Grant Award Details
Curing bladder cancer by replacing corrupted urothelium with differentiated hES cells
<p>In this project we sought to develop a novel cell replacement therapy to treat human bladder cancer. The development of the lethal form of bladder cancer (invasive carcinoma of the bladder epithelium), proceeds through a precursor stage, carcinoma <em>in situ </em>(CIS), that aggressively takes over the entire bladder epithelium before becoming invasive. Given the extensive spread of this corrupted bladder epithelium prior to invasion, wholesale bladder epithelial replacement at this intermediate stage may be essential for an effective bladder cancer cure. The strategy adopted is to generate bladder epithelial progenitor cells from human embryonic stem cells, and use these cells to replace the corrupted bladder epithelial cells of the CIS intermediate. The first step of this strategy, and the aim of this project, is to demonstrate proof-of-principle by replacing the bladder epithelium of mice with bladder epithelial progenitor cells from human embryonic stem cells.</p><p>In our work we successfully generated bladder epithelial progenitor cells from human embryonic stem cells, and we successfully bred mice in which we should be able to effectively remove the resident bladder epithelium. In future work, we will establish methods that allow us to replace the resident mouse bladder epithelium with the progenitor cells derived from human embryonic stem cells.</p><p>Successful completion of this work would indicate that a similar approach to cell replacement by differentiated hES cells could provide a definitive cure for bladder cancer patients, reducing the risk of recurrence and the need for expensive monitoring.</p>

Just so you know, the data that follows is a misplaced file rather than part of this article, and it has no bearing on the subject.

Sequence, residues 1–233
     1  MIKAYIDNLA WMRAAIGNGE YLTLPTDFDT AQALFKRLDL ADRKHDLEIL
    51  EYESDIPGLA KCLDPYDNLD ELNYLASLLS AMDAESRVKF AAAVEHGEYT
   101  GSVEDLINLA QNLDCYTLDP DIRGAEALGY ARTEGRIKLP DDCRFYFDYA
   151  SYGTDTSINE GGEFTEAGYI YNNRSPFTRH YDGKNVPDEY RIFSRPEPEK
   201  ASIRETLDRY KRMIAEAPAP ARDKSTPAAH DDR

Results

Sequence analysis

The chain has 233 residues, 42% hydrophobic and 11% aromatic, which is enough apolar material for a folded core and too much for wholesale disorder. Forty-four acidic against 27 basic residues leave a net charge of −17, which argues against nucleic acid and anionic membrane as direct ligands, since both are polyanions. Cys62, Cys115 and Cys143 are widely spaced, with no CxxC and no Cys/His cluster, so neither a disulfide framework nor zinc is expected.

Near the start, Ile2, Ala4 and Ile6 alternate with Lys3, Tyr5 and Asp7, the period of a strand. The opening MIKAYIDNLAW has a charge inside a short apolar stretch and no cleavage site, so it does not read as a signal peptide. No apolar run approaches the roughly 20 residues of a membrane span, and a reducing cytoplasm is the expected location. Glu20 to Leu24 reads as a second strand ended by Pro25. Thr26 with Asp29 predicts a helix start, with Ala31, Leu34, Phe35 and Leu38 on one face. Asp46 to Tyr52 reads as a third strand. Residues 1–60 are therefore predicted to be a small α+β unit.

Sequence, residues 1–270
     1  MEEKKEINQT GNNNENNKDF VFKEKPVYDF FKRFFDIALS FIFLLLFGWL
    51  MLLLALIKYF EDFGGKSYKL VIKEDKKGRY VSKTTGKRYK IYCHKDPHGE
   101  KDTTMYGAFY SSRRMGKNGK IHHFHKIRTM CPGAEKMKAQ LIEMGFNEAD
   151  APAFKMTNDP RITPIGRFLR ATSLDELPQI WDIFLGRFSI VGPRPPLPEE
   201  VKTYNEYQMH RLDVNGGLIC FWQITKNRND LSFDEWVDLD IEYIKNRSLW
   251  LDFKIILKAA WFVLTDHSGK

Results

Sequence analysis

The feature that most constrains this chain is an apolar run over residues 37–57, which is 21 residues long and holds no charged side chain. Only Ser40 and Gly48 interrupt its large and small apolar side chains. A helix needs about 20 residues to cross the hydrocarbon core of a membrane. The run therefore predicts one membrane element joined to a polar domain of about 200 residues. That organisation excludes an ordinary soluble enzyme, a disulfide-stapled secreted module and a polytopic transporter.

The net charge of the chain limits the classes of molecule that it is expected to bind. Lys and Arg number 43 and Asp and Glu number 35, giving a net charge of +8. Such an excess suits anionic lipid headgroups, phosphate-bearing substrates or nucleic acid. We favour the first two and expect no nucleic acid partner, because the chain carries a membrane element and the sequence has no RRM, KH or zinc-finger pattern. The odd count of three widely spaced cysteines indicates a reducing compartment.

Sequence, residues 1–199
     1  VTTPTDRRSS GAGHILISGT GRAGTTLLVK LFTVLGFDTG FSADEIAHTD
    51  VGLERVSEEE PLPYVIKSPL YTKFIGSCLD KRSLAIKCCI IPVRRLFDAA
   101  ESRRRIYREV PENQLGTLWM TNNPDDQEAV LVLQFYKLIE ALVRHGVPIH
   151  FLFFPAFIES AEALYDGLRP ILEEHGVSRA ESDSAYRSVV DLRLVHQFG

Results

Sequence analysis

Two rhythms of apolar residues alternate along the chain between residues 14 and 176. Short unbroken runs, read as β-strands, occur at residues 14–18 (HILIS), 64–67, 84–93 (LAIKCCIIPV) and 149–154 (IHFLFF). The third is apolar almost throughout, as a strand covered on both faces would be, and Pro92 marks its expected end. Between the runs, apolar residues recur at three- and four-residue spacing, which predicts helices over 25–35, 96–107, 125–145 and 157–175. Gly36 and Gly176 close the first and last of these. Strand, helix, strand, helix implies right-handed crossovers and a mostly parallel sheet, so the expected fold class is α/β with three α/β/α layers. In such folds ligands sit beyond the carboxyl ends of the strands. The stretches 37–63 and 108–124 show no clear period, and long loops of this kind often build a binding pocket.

Grant Application Details
- Curing bladder cancer by replacing corrupted urothelium with differentiated hES cells
The goal of the proposed research is to use human embryonic stem cells to generate bladder epithelial progenitor cells that can be used to replace a cancerous bladder epithelium in vivo.
The long-term goal of the proposed research is to cure bladder cancer. Successful completion of this work may indicate that transplantation of differentiated pluripotent stem cells is a feasible cure.
Major Proposed Activities
- We seek to differentiate human embryonic stem cells into bladder epithelial progenitors. To this end, we will test stem cell culture conditions that promote the bladder epithelial progenitor state.
- Using a mouse model for bladder cancer, we will determine whether transplantation of differentiated human embryonic stem cells can functionally replace a cancerous bladder epithelium.
Statement of Benefit to California:
The long-term goal of the proposed research is to develop a cure for bladder cancer, one of the most prevalent cancers worldwide. Muscle invasive bladder cancer (MIBC) is uniformly lethal if left untreated. Surgical removal of MIBC is frequently followed by recurrence and/or a dramatic reduction in quality of life. Moreover, bladder cancer is the most expensive cancer to treat per patient. A definitive cure for bladder cancer therefore would have wide-ranging positive impacts.
Source URL: https://www.cirm.ca.gov/our-progress/awards/curing-bladder-cancer-replacing-corrupted-urothelium-differentiated-hes-cells